One of the most common laundry appliance issues our Action Appliance Repair technicians come across is a washer not spinning. After running a load, if all the water has drained but your clothes are still soaking wet, chances are that your washer won’t spin or is not spinning fast enough. While this can certainly create a significant problem for you and your family if left unaddressed, it’s a relatively simple issue to diagnose.
Why is My Washer Not Spinning?
Even though modern washing machines are more advanced than ever before, they’re still fairly uncomplicated when compared to other appliances. There are only a handful of part failures that can cause a washer to stop spinning:
- Drive belt
- Clutch assembly
- Lid switch
- Motor coupling
- Door interlock
#1 – Damaged Drive Belt
Both top-load and front-load washers use a drive belt to connect the drive motor to either the transmission or wash basket respectively. This is what makes your washing machine spin during a cycle, but it can wear out over time due to overheating or overloading.
Start by inspecting the drive belt for any signs of fraying, wear, or other damage. You should also check any pulleys or motor glides to make sure that they’re turning freely and allowing the drive belt to function properly.
#2 – Clutch Assembly Malfunction
If you have a top-loading washer not spinning fast enough or at all, it’s possible that the clutch assembly has worn out. The clutch is what engages the transmission to get the wash tub up to speed at the start and end of the spin cycle.
Repeated friction is what causes washer clutches to fail. It may leave evidence of the problem though in the form of brake dust under the unit, a loud grinding noise, or a burning smell.
#3 – Faulty Lid Switch
Many top-load washers from major manufacturers utilize a lid switch as a safety feature. It’s extremely important because it stops the motor circuit from engaging while the lid is open, preventing potential injury.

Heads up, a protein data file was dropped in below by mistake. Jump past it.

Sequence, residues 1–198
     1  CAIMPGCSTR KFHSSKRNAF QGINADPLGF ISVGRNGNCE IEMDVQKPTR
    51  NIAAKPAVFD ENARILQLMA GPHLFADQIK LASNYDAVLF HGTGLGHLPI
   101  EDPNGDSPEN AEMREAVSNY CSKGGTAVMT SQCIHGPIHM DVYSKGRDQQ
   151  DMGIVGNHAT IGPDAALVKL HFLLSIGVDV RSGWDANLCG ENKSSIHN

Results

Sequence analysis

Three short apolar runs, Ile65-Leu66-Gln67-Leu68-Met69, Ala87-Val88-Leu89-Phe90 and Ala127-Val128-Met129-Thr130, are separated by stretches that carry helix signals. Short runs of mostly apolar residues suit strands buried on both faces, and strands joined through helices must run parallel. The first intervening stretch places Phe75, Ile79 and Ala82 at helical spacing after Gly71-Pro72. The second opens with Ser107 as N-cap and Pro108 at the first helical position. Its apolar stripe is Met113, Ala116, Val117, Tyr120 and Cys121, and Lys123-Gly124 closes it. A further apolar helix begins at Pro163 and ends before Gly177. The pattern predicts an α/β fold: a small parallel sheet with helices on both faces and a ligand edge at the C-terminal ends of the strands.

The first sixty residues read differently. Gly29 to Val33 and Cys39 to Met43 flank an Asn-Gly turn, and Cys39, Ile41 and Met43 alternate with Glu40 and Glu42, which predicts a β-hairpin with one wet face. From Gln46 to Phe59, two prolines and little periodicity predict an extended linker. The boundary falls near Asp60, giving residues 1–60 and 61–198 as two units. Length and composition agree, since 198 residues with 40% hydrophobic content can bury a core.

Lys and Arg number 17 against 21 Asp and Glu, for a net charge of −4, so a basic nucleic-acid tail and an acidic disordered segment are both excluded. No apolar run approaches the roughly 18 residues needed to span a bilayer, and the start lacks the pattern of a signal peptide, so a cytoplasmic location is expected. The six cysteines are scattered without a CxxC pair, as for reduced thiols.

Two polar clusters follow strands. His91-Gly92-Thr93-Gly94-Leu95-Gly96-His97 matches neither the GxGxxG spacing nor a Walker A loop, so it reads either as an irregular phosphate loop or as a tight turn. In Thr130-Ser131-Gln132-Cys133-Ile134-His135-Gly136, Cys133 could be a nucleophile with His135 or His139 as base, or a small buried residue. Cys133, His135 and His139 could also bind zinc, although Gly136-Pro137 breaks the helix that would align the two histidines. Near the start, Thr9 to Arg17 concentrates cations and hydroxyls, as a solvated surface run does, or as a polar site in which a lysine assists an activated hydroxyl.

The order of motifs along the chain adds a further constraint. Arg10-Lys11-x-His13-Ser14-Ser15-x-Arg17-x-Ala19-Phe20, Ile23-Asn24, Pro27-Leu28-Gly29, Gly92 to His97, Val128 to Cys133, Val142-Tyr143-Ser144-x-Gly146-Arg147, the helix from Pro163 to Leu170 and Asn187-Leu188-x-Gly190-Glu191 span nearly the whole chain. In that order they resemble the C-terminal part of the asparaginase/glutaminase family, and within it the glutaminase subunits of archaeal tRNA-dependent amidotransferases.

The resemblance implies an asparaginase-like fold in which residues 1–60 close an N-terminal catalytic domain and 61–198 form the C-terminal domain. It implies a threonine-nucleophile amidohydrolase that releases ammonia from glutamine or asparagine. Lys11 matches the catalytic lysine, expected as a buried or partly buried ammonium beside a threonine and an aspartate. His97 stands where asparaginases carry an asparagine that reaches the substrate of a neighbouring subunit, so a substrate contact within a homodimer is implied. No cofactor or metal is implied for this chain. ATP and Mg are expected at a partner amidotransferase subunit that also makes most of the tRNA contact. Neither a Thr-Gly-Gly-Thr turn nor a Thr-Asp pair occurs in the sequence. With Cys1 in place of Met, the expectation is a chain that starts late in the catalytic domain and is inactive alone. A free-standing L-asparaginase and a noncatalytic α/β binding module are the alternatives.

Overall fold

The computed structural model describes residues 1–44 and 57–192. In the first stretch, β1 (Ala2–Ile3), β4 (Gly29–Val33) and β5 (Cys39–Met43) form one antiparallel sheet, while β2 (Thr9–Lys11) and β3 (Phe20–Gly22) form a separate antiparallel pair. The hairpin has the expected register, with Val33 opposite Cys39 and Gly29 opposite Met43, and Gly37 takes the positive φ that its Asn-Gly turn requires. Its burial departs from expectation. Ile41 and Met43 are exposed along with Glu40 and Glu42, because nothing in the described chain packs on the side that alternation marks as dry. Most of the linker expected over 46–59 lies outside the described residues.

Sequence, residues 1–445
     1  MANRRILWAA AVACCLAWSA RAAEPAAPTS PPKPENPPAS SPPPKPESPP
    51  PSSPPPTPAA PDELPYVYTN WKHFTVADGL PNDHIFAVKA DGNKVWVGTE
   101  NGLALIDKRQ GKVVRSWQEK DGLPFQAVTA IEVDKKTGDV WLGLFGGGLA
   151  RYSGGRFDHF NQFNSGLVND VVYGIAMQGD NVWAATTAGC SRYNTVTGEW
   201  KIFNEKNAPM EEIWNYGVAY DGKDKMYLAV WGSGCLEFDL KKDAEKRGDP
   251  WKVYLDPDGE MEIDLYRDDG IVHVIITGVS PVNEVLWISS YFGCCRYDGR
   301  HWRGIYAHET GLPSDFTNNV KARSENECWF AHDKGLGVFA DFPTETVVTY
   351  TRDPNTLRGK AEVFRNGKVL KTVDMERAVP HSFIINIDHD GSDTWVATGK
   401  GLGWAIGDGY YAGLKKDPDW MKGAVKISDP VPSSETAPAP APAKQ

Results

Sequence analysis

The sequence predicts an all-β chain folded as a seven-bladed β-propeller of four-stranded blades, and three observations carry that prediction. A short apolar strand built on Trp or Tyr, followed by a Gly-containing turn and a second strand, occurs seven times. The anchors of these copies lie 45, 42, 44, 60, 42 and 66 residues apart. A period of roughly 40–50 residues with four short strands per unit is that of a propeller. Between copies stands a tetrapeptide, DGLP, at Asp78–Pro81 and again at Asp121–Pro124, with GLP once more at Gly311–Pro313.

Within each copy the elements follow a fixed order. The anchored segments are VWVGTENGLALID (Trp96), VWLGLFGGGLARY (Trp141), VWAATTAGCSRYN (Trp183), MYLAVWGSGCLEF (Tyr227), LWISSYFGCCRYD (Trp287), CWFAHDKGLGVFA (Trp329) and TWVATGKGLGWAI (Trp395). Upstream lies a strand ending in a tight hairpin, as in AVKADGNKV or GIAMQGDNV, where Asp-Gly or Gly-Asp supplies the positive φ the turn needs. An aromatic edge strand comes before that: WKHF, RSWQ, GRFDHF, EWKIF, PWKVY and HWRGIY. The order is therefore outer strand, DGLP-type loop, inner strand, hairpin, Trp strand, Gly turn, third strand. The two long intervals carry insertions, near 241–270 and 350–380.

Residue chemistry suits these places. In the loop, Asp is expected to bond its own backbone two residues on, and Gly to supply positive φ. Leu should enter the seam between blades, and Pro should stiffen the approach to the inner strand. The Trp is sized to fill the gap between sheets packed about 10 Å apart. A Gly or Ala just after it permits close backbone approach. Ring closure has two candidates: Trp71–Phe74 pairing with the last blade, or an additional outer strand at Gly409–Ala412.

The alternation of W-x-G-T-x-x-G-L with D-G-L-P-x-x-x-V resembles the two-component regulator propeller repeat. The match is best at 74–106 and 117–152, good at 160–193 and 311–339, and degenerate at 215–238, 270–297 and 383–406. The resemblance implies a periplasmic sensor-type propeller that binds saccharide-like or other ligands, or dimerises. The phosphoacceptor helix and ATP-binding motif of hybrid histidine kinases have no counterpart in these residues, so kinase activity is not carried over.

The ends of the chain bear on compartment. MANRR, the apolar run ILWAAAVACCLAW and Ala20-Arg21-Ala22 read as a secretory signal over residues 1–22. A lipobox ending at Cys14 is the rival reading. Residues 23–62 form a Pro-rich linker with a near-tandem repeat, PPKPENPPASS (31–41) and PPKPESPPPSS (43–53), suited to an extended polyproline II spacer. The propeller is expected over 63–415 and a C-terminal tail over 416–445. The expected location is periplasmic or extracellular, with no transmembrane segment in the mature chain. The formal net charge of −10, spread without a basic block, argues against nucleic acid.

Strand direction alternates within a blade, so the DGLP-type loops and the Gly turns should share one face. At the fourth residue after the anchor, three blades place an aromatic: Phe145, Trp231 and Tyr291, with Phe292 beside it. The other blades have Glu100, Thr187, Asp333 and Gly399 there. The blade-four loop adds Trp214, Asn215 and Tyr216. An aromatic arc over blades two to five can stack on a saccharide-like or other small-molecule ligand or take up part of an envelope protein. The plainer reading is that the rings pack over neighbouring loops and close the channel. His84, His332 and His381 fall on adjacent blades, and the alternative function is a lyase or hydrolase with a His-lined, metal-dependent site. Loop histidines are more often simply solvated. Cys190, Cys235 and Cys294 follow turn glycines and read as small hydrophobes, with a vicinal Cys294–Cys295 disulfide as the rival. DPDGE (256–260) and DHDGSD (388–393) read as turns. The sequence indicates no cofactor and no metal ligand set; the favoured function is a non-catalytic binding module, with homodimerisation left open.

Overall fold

Unfortunately, lid switches fail all the time, which can leave you with a washer spinning but clothes wet, or not spinning at all. Disconnect the lid switch and test it with a multimeter to check it for continuity. Replace as needed.
#4 – Broken Motor Coupling
Another common culprit of a front-load washer not spinning or washer doesn’t agitate issue is a broken drive motor coupling. It connects the motor to the washer transmission, but it’s designed to fail in case of overloading to prevent more severe damage.
If your washer stops spinning, you’ll need to visually inspect the coupling to see if it needs to be changed.
#5 – Door Interlock Failure
Front-loading washers use a door lock or interlock as a safety mechanism similar to the lid switch for top-loading models. It locks the washer door and prevents it from being opened while a cycle is running.
When the door interlock breaks, one of two things will happen. Either the door won’t lock at all, or the washing machine will sense that the door isn’t closed, causing your washer to stop spinning. Some modern units have digital displays that will show a door lock error code, but for all other models, you’ll have to inspect the part to know if it has failed.
Some washer not spinning problems are caused by parts you can replace yourself. Others are more complicated though and require an expert to perform the repair. That’s why you should call the experts at Action Appliance Repair for your washer repair service anywhere in Rhode Island, Connecticut, and select cities in Massachusets.
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